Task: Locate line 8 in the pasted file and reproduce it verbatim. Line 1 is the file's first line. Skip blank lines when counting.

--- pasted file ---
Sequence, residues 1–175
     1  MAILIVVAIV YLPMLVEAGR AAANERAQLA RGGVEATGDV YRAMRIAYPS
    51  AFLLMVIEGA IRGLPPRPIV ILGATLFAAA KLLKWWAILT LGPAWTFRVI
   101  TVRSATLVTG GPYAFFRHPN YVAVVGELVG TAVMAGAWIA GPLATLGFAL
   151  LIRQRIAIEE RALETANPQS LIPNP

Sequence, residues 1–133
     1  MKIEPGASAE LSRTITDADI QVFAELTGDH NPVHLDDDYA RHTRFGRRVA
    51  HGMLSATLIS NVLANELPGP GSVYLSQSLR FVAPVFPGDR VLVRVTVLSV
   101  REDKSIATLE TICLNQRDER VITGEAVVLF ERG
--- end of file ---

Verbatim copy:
    51  HGMLSATLIS NVLANELPGP GSVYLSQSLR FVAPVFPGDR VLVRVTVLSV